KID REPORTERS’ NOTEBOOK

Presidential Showdown in Saint Louis

Esther outside of Washington University
Esther outside of Washington University

Esther at Washington University in St. Louis, the site of Sunday night’s presidential debate

The second presidential debate of 2016 was held on October 9 between Republican Donald Trump and Democrat Hillary Clinton. I had the opportunity to interview spectators at Washington University in St. Louis, where the debate took place.

When I walked into the campus viewing party, I noticed a large screen, a table full of refreshments, and people armed with signs and buttons advertising their candidate of choice. 

Since a controversial video of Trump had been released recently, most voters were certain that Clinton would win the debate. “I’m looking forward to seeing how Trump will respond to the videotape that came out on Friday, and whether or not he’ll stick to the issues or slip like he did in the first debate,” said Jan Adams. “I think that Hillary’s ready for the job.”

Despite a huge backlash against Trump for his vulgar comments, his supporters stood firm. “I don’t agree with the things that Donald Trump has said about women, but I want people to get past that,” said Tim Hooper, a union construction worker. “Kids have a future, but I believe that if Hillary is elected, there won’t be a future for anybody.”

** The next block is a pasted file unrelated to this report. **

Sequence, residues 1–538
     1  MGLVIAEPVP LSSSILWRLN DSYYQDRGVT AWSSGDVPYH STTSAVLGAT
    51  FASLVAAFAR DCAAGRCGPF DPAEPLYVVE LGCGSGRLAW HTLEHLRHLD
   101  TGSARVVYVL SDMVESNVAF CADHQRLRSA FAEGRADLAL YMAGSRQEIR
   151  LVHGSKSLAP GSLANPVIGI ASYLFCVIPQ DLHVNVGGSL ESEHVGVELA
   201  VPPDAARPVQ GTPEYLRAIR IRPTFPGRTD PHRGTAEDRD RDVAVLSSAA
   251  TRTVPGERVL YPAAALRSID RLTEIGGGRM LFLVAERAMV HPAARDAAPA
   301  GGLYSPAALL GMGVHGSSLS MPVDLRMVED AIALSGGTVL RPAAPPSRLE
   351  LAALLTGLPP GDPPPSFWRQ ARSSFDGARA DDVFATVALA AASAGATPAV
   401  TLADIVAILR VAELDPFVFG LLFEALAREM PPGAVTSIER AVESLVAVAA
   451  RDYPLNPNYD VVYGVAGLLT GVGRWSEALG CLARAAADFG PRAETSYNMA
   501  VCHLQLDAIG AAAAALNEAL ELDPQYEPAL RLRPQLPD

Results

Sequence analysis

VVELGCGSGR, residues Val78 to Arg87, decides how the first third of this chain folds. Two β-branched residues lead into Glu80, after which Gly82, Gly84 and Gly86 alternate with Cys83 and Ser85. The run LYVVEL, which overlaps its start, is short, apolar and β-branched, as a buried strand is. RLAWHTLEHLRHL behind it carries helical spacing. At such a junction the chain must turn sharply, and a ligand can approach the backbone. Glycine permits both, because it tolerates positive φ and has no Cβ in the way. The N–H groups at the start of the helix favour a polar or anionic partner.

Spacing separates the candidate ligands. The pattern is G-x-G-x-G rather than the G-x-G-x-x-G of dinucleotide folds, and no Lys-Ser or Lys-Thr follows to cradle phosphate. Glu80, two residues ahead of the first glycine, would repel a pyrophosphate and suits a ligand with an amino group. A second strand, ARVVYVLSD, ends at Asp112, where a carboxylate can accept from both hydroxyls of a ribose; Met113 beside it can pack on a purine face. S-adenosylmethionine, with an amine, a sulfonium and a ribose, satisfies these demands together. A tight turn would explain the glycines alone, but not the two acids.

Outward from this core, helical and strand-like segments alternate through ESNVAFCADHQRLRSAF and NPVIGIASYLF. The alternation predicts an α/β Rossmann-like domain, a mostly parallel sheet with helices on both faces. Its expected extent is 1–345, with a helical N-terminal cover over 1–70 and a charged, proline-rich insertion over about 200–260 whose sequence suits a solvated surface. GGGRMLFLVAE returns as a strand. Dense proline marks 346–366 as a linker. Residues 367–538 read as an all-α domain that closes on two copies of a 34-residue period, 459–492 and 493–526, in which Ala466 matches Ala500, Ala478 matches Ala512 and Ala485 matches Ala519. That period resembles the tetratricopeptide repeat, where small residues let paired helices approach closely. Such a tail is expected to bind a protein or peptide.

Jan Adams, a retired lawyer

Esther interviews Jan Adams, a retired lawyer

“THE FUTURE OF THE NATION”

Adults and young people alike had several issues that they wanted to see discussed during the debate, including reforming the criminal justice system. “There are a lot of really pressing issues at this point, and I think that this is a turning point for America,” said Emily Pont, 16, from Cedar Hill, Missouri. “I don’t think there’s a ‘most important’ [issue in this election], because it’s really about the future of the nation right now.”

At 8 p.m. (CT), the crowd gathered in the auditorium. Everyone watched as Trump and Clinton took the stage. However, many people noticed that the candidates did not shake hands when the debate commenced.

At times the debate grew heated, and you could hear cheers and shouts from people in the hall. Although voters may disagree about who won the debate, everyone could agree that it was spirited and fiery.

The third and final presidential debate will be held on October 19 at the University of Nevada, in Las Vegas.

Photos courtesy of the author